Making a collection more accessible for Native consumers and offering affordable price points was a goal for this line. Offering light and flowing Summer fabrics that carry heritage but also a seasonal cut that’ll keep you cool on a hot day in the High Plains. “I want to be able to empower women with my art, and make it more obtainable to your everyday person.” This collection aims to deliver empowering pieces to a wider audience. Good Day hopes that these clothes will have people feeling that when worn.

Traditions also has a couple gender neutral pieces stepping toward more inclusive styles. “I want anyone wearing my designs to feel empowered while wearing a style with our cultural iconography and design work.” Good Day’s main audience are Native consumers, but she invites non-Native consumers to explore the ready-to-wear pieces available, “If they find beauty in our culture, and want to appreciate it, then I’m happy to share that with them.”

The red dress worn by Good Day, herself, in the Traditions photo shoot, holds a special place in her collection. “It looked so much like a traditional dress even with the cut of it being a T shape.” It’s perfect for Summer as a light, easy to wear fabric she described. “I’m a very modest person, it went past my knees, and also covered my arms and I felt comfortable in it.” She also really enjoyed offering the umbrellas, “it was something new that I’ve done, but I’m always looking for something new and different to add to the collection.” While the red dress is sold out, she assured that they are in the process of a restock. She also has some amazing t-shirts with ledger work that can be enjoyed as gender neutral pieces.

Angela Howe (Apsáalooke) of Choke Cherry Creek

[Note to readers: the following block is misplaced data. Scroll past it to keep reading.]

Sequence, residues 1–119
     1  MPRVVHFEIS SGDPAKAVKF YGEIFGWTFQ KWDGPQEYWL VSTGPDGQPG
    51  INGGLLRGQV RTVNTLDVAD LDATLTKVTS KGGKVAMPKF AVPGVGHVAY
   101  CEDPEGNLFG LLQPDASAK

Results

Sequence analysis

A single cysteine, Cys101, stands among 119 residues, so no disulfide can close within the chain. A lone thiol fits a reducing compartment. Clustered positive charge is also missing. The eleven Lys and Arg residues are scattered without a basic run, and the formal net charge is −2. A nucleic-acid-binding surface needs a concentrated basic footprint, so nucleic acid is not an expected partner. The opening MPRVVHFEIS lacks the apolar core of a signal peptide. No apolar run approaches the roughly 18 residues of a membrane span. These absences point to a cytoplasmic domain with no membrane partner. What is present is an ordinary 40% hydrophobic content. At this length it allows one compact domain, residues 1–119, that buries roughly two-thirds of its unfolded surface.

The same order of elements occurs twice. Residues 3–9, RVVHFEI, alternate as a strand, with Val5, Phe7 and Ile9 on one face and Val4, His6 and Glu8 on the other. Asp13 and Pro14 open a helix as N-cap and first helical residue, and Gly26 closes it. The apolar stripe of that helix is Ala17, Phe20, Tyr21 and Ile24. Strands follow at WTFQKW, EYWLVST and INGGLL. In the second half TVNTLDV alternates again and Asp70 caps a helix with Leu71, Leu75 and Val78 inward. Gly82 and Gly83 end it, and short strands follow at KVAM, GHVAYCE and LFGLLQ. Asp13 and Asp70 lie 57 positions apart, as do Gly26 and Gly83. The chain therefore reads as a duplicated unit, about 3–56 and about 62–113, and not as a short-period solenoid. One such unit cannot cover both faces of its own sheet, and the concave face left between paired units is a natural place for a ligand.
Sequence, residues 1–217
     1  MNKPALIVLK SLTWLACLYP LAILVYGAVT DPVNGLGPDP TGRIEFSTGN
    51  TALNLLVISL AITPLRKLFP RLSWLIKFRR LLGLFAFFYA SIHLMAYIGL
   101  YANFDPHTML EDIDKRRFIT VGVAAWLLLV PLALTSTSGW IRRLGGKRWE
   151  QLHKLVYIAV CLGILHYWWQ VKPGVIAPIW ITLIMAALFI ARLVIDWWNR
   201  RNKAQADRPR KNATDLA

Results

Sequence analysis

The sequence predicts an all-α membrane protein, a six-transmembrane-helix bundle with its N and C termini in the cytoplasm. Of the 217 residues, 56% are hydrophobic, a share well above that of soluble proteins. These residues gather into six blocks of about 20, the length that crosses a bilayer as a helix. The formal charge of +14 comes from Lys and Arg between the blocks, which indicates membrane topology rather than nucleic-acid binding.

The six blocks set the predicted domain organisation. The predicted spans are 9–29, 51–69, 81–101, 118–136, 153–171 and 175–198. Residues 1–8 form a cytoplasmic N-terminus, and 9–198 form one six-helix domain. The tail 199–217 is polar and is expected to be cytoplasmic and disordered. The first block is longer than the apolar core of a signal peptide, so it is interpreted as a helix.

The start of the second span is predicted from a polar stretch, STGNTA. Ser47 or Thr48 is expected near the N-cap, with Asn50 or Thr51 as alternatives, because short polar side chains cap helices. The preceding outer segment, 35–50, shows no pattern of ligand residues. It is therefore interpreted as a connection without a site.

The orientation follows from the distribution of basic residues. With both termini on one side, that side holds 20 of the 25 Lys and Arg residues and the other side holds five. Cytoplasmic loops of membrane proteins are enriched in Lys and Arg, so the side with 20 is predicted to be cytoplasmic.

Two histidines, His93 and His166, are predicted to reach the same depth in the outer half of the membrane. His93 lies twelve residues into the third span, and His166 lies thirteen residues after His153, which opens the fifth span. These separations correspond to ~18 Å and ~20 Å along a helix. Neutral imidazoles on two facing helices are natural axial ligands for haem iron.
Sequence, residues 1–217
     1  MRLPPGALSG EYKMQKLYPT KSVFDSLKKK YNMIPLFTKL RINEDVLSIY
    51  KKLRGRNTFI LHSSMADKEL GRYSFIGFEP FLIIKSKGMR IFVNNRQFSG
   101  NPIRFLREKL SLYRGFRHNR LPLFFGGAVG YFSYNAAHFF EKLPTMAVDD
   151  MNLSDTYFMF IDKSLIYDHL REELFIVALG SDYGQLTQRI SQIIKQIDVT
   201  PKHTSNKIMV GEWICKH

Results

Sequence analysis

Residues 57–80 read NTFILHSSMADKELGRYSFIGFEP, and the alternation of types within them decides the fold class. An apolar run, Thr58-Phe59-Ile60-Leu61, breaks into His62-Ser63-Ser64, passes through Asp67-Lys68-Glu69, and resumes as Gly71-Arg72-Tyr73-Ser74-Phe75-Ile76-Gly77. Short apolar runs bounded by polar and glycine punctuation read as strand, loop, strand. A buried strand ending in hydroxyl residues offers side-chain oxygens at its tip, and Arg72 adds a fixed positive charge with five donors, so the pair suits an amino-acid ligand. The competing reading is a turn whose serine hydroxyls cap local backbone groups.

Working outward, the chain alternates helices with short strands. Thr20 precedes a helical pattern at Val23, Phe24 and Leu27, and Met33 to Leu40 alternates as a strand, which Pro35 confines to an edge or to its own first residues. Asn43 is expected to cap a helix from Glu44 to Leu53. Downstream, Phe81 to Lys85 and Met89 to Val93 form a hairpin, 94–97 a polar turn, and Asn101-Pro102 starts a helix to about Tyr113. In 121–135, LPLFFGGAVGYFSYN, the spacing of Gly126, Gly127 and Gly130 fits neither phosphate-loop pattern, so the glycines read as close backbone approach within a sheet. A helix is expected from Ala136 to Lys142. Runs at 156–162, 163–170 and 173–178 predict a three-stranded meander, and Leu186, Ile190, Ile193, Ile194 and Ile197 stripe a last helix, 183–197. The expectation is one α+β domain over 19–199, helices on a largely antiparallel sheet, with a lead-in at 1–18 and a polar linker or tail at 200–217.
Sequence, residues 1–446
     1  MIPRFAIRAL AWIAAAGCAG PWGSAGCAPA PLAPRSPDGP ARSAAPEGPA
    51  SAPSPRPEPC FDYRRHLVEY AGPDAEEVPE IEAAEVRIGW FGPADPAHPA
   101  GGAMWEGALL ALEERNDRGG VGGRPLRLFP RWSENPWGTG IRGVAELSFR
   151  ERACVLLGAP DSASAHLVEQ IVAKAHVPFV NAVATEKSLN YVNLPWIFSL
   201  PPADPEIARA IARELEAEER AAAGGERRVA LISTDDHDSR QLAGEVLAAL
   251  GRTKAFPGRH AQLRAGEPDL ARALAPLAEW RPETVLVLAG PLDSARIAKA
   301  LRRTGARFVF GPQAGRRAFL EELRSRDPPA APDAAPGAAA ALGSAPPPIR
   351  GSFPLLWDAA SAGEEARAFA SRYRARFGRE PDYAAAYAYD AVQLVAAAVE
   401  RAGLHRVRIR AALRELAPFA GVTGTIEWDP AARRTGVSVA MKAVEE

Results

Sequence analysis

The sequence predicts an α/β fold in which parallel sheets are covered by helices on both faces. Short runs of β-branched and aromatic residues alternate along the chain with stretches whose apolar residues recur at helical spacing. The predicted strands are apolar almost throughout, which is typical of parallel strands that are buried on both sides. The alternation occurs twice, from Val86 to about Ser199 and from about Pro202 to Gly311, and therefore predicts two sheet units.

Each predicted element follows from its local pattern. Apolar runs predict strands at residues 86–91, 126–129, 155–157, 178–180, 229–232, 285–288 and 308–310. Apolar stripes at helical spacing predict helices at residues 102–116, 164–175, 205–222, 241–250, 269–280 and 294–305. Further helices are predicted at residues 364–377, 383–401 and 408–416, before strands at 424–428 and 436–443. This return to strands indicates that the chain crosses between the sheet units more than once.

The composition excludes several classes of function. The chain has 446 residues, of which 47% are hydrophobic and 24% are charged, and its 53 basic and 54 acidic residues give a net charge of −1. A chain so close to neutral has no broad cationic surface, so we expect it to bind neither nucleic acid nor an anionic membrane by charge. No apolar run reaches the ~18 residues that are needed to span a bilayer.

Photo Credit Rezolution Photo – Erin LaMere

Choke Cherry Creek’s The Matriarch Collection also launched in late May. Our staff pick is the wide leg Love and Affection Elk Tooth Pants. Embracing the wide leg trend of the summer, Choke Cherry Creek is bringing sweet yet fierce looks drawing on the divine feminine of matriarchal societies. This fashion line has plenty of available pieces in a multitude of styles, including a unisex button up. Catching up with Howe on her latest drop the “summer collection titled “Matriarch” showcases the beauty of our matriarchs, our foundation, our mothers.”

“I wanted to honor my mother, aunts and grandmothers who inspired me and share the artistry of my floral designs that are unique to my tribe, the Apsáalooke.” says Howe. In reflection, Howe feels honored to share her vision. “Beading and sewing are a passion of mine and I love it because I have artistic freedom to share my lineage and history through a highly visual expression of my culture, which is clothing.”

These empowering pieces are sure to make you glow. The Native Max team asked what Howe thinks about how these pieces will make people feel: “I hope people feel not only beautiful but have pride knowing the designs have so much meaning behind them.” Howe explained, “The collection is made to mix and match, there are a lot of pieces to choose from and a very bright color palette, perfect for summer.” So you aren’t confined to what you see on the models. These pieces are versatile and bring sweet choke cherry vibes. “Sharing our rich cultural heritage is a way to inspire the world to see that Indigenous people are beautiful, resilient, rich in culture and are still carrying on their traditions today. Each piece is designed respectfully and thoughtfully and can be worn by everyone.”

Photo Courtesy of Angela Howe

Howe shares a similar sense of style as our Native Max team fashionistas. On selecting a special piece in the collection, “My favorite pieces are the Empowerment long skirt and the Love and Affection Elk Tooth Bodysuit.”

“These pieces create a sophisticated look when paired together and the elk teeth have a story to tell because they are significant to my tribe and many other tribes of the great plains.” The work put into the collections represent something deeper than being fashionable. Northern Plains women incorporated highly skilled beadwork in their clothes, and tools. Always representing themselves with intentionally crafted pieces. “Indigenous people held great value when obtaining elk teeth and the woman wore them on dresses which spoke to the standard of wealth and status.”

Howe leaves us with something our team at Native Max agrees with, “I would choose real elk teeth over diamonds!” 

There you have it, four great designers, and four amazing new collections to shop. What are you waiting for? Indigenize your closet and support small Indigenous owned businesses!

Watch Native Max TV: Q&A with Tantoo Cardinal